Any defamatory rumours are futileContinue reading...
Racism is a virus that can be easily released by politicians who stoop low. But we can’t ignore how religions treat women
So, what is the good liberal to do? What is the good humanist to say? Boris Johnson’s anti-Muslim “jokes” were not a dog whistle, but a foghorn beckoning racists to his Steve Bannon-assisted leadership cause. But in the maelstrom he has deliberately caused, the risk is that liberals are silenced on criticising religion, Islam in particular. Are you for the niqab or for Boris’s racism? That’s a preposterous choice.Continue reading...
Michigan Democrat has been vague about stance on US military aid to Israel.
Defense minister makes patently false claim that 168 Palestinians slain since outset of Great March of Return all belonged to Hamas.
Muslim Council of Britain tells PM to act after Boris Johnson’s ‘dehumanising’ comments
The Muslim Council of Britain has urged Theresa May to launch an independent inquiry into Islamophobia in the Conservative party after several MPs supported “dehumanising comments” made by Boris Johnson.Continue reading...
UN panel says 1m ethnic Uighur Muslims being held in internment camps in Xinjiang
China has denied claims made during a UN panel last week that authorities are suppressing the rights of Muslim minorities in the west of the country in the name of fighting terrorism.
A Chinese delegation told a UN human rights panel on Monday that China has launched a “special campaign” to crack down on “extremist and terrorist crimes”, but no specific ethnic or religious groups were being targeted.Continue reading...
Anger is precious - don’t squander it on a dog-whistle politician who wants us to throb with fury at the mention of his name
Oh, great. Another article about him. You know who I’m talking about. The fuzzy-haired boil on the back of British politics, the walking indictment of the British class system, the bumbling consequence of decades of a lazy media implicitly trusting the poshest person in the room, the sentient sack of potatoes whose political highpoint was getting stuck on a zipline during the London Olympics.
I’m so tired of hearing he’s 'broadening the debate' when he's just an old Etonian doing an impression of a cabbieContinue reading...
Islamophobic incidents have increased after Johnson’s column disparaging veils worn by women, says Muslim Council
Britain’s largest Islamic organisation will write to Theresa May on Monday demanding that Boris Johnson be subject to a full disciplinary inquiry, arguing that no one should be allowed to victimise minorities with impunity.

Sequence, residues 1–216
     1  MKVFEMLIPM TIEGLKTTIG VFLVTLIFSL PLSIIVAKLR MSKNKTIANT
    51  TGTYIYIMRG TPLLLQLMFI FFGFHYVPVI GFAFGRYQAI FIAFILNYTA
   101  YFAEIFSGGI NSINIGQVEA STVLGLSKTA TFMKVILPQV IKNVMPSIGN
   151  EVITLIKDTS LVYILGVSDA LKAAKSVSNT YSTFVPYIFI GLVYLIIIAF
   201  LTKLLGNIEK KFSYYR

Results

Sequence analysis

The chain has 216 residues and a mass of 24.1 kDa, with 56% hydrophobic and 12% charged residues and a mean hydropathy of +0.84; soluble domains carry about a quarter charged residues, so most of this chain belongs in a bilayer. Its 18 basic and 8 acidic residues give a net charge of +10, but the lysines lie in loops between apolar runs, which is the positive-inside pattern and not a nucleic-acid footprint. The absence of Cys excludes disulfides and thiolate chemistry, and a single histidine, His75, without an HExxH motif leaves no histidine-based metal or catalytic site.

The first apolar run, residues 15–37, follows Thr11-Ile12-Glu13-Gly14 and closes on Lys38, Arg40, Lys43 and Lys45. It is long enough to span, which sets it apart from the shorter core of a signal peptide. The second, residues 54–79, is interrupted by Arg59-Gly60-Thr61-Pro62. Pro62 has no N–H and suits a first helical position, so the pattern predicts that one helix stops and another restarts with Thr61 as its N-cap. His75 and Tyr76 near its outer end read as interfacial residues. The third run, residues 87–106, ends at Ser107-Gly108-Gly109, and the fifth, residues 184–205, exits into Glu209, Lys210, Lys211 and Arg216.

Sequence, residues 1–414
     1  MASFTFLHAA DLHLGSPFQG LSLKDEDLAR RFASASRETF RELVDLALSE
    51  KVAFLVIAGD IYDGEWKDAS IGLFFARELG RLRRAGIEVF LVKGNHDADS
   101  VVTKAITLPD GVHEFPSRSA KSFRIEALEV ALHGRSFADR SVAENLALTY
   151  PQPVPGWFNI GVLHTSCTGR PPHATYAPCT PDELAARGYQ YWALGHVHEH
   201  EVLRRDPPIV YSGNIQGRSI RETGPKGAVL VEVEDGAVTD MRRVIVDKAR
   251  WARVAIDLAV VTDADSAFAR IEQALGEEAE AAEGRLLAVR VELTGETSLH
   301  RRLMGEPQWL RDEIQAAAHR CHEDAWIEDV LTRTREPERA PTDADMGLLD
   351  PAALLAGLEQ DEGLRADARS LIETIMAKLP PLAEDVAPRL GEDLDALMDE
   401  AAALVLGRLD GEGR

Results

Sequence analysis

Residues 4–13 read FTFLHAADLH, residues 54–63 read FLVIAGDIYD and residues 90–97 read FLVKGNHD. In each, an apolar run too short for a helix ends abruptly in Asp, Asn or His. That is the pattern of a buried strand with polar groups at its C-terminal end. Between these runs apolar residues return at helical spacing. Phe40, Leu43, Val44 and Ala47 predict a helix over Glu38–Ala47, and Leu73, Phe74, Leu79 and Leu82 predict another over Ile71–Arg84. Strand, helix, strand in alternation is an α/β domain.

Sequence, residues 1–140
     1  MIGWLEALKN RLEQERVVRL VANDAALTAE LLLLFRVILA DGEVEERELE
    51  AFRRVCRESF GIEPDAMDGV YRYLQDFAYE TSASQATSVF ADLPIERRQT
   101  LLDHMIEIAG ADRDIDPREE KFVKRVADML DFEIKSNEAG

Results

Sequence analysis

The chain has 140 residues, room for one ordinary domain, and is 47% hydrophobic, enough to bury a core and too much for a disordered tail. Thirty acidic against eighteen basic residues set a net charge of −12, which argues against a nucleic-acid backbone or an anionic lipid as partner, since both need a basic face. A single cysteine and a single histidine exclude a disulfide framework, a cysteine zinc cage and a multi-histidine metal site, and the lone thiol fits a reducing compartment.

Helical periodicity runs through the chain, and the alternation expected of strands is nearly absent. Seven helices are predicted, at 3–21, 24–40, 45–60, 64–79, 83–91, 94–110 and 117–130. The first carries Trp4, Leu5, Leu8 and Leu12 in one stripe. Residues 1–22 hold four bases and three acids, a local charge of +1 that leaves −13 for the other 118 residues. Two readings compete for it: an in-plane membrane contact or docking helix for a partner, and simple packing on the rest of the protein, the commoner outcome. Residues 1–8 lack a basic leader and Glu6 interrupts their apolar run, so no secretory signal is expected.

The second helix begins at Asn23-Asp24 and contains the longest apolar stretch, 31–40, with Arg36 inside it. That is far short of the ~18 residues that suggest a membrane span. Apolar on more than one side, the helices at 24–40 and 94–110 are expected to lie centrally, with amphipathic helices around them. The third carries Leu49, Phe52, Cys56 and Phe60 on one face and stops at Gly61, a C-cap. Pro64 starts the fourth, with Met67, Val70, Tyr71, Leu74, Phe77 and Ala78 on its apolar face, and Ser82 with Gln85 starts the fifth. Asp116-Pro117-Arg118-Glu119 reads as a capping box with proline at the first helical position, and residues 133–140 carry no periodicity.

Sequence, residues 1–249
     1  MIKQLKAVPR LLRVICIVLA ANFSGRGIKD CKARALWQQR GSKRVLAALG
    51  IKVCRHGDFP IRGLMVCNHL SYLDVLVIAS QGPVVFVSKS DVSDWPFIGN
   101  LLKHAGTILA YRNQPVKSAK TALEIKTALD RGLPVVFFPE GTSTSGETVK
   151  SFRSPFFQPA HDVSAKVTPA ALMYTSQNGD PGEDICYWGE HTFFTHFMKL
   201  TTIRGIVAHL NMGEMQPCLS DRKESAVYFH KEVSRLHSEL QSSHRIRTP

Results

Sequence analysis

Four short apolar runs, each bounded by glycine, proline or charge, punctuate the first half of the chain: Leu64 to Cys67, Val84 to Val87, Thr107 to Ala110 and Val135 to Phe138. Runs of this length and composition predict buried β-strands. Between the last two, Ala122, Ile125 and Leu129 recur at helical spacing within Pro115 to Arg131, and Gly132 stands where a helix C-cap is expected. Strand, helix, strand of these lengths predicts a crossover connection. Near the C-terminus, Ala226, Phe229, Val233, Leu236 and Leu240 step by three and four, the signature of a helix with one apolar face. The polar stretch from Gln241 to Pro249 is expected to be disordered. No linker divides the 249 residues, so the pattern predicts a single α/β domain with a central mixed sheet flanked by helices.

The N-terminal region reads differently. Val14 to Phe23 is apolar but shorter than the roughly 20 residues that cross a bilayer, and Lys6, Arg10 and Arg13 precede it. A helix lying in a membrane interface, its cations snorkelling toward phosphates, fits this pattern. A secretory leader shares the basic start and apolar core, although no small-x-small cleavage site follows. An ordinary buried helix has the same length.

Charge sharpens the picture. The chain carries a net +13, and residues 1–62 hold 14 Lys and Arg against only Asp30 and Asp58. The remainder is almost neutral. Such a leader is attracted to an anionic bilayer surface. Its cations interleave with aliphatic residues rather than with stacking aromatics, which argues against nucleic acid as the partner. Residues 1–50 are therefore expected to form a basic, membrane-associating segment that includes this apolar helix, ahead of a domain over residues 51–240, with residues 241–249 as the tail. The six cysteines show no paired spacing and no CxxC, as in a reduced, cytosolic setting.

The Muslim Council of Britain said Islamophobic incidents had spiked since Johnson’s controversial article was published a week ago and therefore the Conservative party process needed to go beyond its initial stage.Continue reading...
There was a time when Conservatives used to split over this or that aspect of an EU treaty; or the practice of monetarism; or the composition of the House of Lords; or the consequences of welfare policy. Now they argue over whether it is acceptable to sneer at Muslim women in religious dress. O tempora, o mores, as Jacob Rees-Mogg might say.
There is depressing bathos in the fact that two cheap gags in Boris Johnson’s Daily Telegraph column about the burqa have caused such a rift. But they have.Continue reading...
Tweet by wife of former Tory MP Neil Hamilton comes during escalating row over Boris Johnson’s burqa remarks
Christine Hamilton has been sacked as a charity ambassador after comparing the burqa to the outfits worn by the Ku Klux Klan. “If the burqa [sic] is acceptable then presumably this is too?” she tweeted, posting a picture showing individuals wearing Ku Klux Klan-style clothing.
Following the criticism she received, Hamilton insisted her tweet had been misunderstood: “For heaven’s sake – no, I am not comparing Muslim women to KKK members and yes, thank you, I do know the difference. I was graphically illustrating how full facial cover can be sinister, which is how many people view the burqa.”Continue reading...
Martin Henriksen and Sabah Qarasnane don’t have much in common. He is an outspoken, virulently anti-Muslim politician from a rightwing populist party who thinks wearing a headscarf is incompatible with Danish identity.
She is a Moroccan-Danish community organiser from a part of Copenhagen the government has officially dubbed a “ghetto”, proud of her country, her religion and her headscarf.Continue reading...